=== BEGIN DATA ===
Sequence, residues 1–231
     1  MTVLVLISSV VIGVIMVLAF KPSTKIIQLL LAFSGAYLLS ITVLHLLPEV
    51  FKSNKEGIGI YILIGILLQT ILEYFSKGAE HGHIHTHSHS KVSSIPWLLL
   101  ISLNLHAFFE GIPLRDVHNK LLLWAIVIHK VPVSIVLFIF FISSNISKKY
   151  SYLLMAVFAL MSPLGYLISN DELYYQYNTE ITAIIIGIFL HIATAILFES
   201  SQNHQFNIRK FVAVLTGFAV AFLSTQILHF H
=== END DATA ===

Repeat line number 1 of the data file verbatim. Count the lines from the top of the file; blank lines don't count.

Sequence, residues 1–231